CKGSB establishes NY office as part of its global strategy for the coming decade

August 15, 2013

CKGSB's global expansion plans were recently covered in this article on, which features an interview with Greg Marchi, CKGSB's Chief Representative in the Americas.

Summary of an article written in Chinese for

A source for has told us that entrepreneur Xiang Bing is bringing Cheung Kong Graduate School of Business (CKGSB) to the rest of the world.

Dean Xiang’s vision is that CKGSB will become more globalized in the coming decade by expanding its operations to London, New York, Singapore, Tokyo and even South America; it will cover a wider range of fields, integrate the education resources of  partners such as the Harvard Kennedy School and the Ecole Nationale d’Administration, and expand beyond business administration to social administration. The school plans to establish the global authority of its academic platform in related research fields such as East Asia’s “10+3” and BRICS; pool more full-time world-class professors, and produce an array of original academic results, thus ranking among the world’s most influential business schools.

CKGSB’s New York Office will open in November 2013. In the future, the office will promote CKGSB’s development in North America and South America in order to offer foreign enterprises, especially multinationals with Chinese branches, a deeper understanding of China, according to Greg Marchi, the office’s chief representative, who spoke with recently.

During the ten years prior to joining CKGSB, Marchi held several senior posts for Duke Corporate Education, a program that provides customized executive training, development and teaching services to customers worldwide, and has been ahead of its peers on lists released by the Financial Times and Business Week.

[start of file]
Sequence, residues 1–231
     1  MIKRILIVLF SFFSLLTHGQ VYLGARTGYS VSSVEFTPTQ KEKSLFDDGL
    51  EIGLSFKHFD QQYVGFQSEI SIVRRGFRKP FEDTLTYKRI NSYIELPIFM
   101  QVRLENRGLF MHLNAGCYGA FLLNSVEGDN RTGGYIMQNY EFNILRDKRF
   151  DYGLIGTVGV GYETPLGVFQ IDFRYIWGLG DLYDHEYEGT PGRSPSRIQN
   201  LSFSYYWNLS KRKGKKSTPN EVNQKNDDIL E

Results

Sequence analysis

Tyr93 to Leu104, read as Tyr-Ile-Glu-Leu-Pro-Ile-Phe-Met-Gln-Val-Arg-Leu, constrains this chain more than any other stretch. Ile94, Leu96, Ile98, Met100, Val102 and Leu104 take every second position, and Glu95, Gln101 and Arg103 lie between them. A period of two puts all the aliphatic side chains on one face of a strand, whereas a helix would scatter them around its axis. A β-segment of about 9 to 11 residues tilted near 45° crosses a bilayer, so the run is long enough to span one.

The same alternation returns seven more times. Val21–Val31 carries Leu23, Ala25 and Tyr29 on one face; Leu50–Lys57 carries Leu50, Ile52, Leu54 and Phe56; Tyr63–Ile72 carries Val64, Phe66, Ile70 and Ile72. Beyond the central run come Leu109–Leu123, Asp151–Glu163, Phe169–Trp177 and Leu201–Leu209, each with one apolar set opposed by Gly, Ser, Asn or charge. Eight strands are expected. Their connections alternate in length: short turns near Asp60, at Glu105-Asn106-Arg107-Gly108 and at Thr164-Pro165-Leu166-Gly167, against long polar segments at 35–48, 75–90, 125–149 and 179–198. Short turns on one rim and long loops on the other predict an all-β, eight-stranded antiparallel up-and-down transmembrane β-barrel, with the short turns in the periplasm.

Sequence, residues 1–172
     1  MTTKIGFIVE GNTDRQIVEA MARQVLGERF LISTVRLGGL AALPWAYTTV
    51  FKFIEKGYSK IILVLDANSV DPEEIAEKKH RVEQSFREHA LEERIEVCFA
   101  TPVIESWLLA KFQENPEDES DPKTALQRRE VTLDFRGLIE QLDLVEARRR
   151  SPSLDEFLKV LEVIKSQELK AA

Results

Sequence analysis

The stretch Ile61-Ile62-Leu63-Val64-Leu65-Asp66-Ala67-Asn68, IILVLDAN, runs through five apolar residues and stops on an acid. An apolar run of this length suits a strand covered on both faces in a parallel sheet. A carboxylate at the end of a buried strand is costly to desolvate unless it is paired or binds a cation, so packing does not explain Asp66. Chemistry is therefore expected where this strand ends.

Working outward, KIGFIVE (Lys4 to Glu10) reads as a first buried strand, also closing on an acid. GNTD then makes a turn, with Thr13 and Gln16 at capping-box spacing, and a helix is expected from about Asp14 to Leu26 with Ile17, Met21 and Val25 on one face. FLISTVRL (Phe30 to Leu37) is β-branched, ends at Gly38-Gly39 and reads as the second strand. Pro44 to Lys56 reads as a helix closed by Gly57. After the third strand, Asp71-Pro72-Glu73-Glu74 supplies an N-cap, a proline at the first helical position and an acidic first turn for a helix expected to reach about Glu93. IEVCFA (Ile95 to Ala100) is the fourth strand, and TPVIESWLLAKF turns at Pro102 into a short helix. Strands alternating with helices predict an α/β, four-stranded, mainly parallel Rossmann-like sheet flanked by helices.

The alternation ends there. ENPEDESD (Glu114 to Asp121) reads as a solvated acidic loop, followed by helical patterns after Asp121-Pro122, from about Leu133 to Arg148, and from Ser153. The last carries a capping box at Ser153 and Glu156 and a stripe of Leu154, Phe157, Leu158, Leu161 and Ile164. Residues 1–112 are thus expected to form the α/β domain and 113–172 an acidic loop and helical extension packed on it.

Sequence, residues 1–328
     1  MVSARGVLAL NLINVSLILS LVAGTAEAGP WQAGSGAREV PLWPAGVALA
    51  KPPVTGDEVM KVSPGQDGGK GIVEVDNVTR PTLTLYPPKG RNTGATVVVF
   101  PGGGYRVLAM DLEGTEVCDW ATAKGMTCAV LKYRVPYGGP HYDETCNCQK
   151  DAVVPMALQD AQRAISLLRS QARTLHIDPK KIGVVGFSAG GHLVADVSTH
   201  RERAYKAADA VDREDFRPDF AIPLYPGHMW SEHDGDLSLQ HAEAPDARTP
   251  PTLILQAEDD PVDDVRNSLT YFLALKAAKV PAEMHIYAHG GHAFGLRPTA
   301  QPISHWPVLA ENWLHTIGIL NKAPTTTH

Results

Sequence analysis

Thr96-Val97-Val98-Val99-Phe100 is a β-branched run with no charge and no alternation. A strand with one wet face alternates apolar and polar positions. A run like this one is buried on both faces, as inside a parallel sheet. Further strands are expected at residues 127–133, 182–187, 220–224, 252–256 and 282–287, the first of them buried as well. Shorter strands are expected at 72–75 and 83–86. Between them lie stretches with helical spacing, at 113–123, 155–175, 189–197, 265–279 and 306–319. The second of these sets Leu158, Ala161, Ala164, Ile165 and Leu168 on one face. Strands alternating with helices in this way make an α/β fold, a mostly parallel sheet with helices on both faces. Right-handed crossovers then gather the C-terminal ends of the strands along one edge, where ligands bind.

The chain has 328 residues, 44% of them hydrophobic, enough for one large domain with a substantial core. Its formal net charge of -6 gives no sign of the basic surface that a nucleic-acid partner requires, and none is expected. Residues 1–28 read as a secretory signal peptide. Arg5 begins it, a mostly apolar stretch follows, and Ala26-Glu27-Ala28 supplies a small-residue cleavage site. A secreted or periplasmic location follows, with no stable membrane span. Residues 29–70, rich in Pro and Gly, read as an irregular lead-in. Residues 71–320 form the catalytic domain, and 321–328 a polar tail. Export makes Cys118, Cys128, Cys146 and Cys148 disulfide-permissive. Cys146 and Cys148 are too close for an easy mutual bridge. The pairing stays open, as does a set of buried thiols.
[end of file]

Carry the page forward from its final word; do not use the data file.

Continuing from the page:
“Dean Xiang is a farsighted leader. I was affected by him in the conversations I had with him, and in CKGSB I saw similarities with the Duke Corporate Education of ten years ago. So I am confident of doing well at CKGSB. In addition, it is a rare opportunity for me to feel the cultural fusion of Oriental and Western cultures,” Marchi told

Marchi joined Duke in the third year after the establishment of Duke Corporate Education, when the program had only 35 employees and 1 office. When he left, the program had earned 63 million US dollars annually, and owned 6 offices with 135 employees worldwide. The results have been inseparable from his contribution as a senior leader.

Many people have been influenced by Dean Xiang. In 2002, accounting professor Liu Jin obtained lifelong tenure from the University of California, Los Angeles. He had many papers published in key international academic magazines. Then one day, a person claiming to be CKGSB’s president sent him an e-mail, saying he would leave Beijing for Los Angeles to discuss the possibility of returning with him to work in China. After a three-hour chat, Liu was overwhelmed with excitement. That autumn, he decided to join CKGSB.

You can imagine how difficult it was to convince a professor to resign from lifelong tenure at a distinguished university in order to join an unknown business school, with less pay than at other elite schools. Xiang’s most persuasive reason is “patriotism”, which can find an echo in the hearts of scholars joining CKGSB regardless of generations.

“You know many of the world’s top business schools are studying China, but most of CKGSB’s professors were born in China and returned to China after being educated in the West, so they know China better than any foreign scholar does and are capable of linking their values to the West’s,” Marchi told

China’s economy is expected to grow continuously for the next two decades and will overtake the US as the world’s largest economy in the near future. New business institutions will emerge as economic growth generates a huge demand for executive education. At least three to five top business schools are expected to emerge from this process and Dean Xiang believes CKGSB would be one of them.

Read the original article in Chinese.


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